To say that gazpacho is an old dish would be a bit of an understatement. While no one is 100 percent sure how the dish originally came about, it is clear that it originated in the Andalusian region of Spain and that it has distinct influences from Ancient Rome. Gazpacho remained almost entirely in Andalusia until the 19th century, when the wife of French emperor Napoleon III fell in love with the dish and popularized among the court. The rest, as they say, is history.
It’s fitting then that Chef Eric Mansavage, at the Farmheads restaurant group in Chicago, is using an almost equally old beverage, cider, to bring new life to this ancient dish. The hospitality group (Farmhouse Chicago, Farmhouse Evanston and Farm Bar restaurants) has also created a proprietary line of ciders, produced from certified organic cider apples from The Cider Farm, the neighboring apple orchard to the restaurant group’s own the estate 140-acre farm, Brown Dog Farm, in Mineral Point, Wisconsin.
For Mansavage’s gazpacho, he uses Don’t Tell William, a dry house cider blend of 2015 harvest Liberty, Major Kingston Black, Somerset Red Streak, Dabinett and Chisel Jersey cider apples, which he says works particularly well with gazpacho as it is “very sophisticated, so you get all of those nice flavor profiles, versus one of those other ciders… where it’s basically just carbonated apple juice. This stuff just has a different style to it and it’s delicious.”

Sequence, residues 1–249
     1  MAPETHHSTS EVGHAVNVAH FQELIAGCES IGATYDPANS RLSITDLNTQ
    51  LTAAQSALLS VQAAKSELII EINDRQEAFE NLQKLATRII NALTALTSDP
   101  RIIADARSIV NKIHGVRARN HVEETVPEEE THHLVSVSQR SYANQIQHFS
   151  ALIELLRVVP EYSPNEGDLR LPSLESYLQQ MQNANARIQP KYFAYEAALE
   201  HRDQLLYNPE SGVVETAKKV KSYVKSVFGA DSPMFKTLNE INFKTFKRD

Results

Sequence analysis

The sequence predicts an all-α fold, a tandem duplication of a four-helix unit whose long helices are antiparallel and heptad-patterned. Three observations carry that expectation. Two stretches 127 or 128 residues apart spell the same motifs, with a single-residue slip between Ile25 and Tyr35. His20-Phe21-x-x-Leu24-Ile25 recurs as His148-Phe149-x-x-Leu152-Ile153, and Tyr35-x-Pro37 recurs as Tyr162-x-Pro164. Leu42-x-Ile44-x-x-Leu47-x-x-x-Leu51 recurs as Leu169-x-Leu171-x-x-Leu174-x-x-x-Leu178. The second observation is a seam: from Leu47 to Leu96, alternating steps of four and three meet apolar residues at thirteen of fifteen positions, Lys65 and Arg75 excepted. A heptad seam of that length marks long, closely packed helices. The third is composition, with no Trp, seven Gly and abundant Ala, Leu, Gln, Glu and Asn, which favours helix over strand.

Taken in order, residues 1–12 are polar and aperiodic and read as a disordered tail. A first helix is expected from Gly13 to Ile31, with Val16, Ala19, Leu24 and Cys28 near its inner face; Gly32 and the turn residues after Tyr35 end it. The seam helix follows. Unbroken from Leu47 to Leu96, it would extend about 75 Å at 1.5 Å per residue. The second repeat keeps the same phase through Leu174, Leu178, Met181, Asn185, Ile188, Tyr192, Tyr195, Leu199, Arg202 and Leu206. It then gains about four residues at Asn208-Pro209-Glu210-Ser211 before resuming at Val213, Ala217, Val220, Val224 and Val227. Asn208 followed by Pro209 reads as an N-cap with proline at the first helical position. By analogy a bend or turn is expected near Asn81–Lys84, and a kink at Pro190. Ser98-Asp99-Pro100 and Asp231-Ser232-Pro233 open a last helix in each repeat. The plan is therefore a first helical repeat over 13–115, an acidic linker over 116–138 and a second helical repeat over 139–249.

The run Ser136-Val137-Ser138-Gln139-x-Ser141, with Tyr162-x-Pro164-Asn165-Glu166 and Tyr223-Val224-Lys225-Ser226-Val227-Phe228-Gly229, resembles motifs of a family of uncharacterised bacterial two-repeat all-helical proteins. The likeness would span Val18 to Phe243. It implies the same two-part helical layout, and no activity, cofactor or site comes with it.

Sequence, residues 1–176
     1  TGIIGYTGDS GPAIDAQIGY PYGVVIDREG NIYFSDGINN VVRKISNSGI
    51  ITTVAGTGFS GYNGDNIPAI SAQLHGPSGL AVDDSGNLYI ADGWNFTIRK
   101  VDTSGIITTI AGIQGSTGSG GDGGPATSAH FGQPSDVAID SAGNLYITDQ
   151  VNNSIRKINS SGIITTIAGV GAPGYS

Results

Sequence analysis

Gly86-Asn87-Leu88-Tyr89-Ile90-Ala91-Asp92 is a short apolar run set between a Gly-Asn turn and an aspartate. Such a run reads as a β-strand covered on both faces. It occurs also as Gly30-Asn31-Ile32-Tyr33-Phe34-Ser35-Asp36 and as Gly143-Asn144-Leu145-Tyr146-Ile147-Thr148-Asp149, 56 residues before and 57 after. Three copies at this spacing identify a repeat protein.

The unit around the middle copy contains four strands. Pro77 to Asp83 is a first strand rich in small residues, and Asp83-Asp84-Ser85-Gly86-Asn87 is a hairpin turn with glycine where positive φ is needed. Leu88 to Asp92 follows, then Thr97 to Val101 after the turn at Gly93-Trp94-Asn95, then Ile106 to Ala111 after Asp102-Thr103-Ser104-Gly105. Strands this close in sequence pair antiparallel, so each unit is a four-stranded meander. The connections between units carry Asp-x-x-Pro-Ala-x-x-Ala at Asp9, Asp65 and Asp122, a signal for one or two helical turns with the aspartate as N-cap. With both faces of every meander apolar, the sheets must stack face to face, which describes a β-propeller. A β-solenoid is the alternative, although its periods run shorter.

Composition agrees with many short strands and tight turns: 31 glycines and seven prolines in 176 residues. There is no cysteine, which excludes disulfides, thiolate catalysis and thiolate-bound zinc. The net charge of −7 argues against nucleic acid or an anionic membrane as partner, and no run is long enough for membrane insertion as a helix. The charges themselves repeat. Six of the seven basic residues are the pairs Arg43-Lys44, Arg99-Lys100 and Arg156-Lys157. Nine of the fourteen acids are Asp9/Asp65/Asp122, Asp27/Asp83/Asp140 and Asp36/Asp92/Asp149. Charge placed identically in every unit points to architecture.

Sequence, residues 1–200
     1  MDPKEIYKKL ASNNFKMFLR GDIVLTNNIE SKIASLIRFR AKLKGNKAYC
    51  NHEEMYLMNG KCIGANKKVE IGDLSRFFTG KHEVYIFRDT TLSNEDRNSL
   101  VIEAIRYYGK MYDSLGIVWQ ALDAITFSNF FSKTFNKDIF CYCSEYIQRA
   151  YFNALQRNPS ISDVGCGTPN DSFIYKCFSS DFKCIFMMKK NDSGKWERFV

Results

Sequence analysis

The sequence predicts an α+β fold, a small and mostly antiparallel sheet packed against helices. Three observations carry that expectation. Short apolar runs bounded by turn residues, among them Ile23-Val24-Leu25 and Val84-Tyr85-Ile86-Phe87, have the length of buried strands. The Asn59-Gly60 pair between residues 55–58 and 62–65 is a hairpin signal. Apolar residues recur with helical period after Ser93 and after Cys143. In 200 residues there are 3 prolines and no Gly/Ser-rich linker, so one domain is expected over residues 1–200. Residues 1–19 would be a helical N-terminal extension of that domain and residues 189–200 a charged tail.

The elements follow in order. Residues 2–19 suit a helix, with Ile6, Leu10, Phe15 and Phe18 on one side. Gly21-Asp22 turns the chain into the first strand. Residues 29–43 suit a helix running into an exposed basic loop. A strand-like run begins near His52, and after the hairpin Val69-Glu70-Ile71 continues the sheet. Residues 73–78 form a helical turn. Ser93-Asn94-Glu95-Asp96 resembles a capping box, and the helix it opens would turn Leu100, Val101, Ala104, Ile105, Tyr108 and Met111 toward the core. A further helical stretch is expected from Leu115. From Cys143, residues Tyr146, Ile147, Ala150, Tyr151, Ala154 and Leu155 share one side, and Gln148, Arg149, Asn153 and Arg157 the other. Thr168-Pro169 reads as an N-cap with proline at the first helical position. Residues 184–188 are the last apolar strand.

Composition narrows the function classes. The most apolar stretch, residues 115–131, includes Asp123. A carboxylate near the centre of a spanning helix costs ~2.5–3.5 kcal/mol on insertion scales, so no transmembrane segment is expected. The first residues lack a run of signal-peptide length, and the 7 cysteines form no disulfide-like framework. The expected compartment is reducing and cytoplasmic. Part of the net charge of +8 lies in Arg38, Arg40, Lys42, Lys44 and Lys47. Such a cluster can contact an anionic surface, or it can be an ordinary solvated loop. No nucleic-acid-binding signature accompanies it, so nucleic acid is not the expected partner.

While the dish is easy to prepare, Mansavage warns to be careful when cooking with cider, as it can be easy to overwhelm the flavors of the drink with too many spices and seasonings. “It’s important to really use fairly minimal seasoning, just some sea salt and pepper so that you don’t obstruct the flavors,” Mansavage says. “The trick is really to not get too over-complicated when cooking with ciders because they are complex and you want to highlight [that] complexity.”
Don’t Tell William Cider Gazpacho
Recipe by Chef Eric Mansavage
Yields 6 quarts
1/2 cup Don’t Tell William
12 European seedless cucumber, diced
6 medium-sized heirloom tomatoes, diced
4 cloves raw garlic, thinly sliced
1 large shallot, minced
1 cup sour cream
1 teaspoon Fresh Ground Black Peppercorn
1 tablespoon wildflower honey
1 tablespoon Champagne vinegar
Sea salt, to taste
In a small saucepan over medium-high heat, bring the cider to a simmer to cook out the alcohol, for about five minutes then allow to cool. Combine all ingredients, including the cider, in a blender, purée and season to taste. Chill and serve.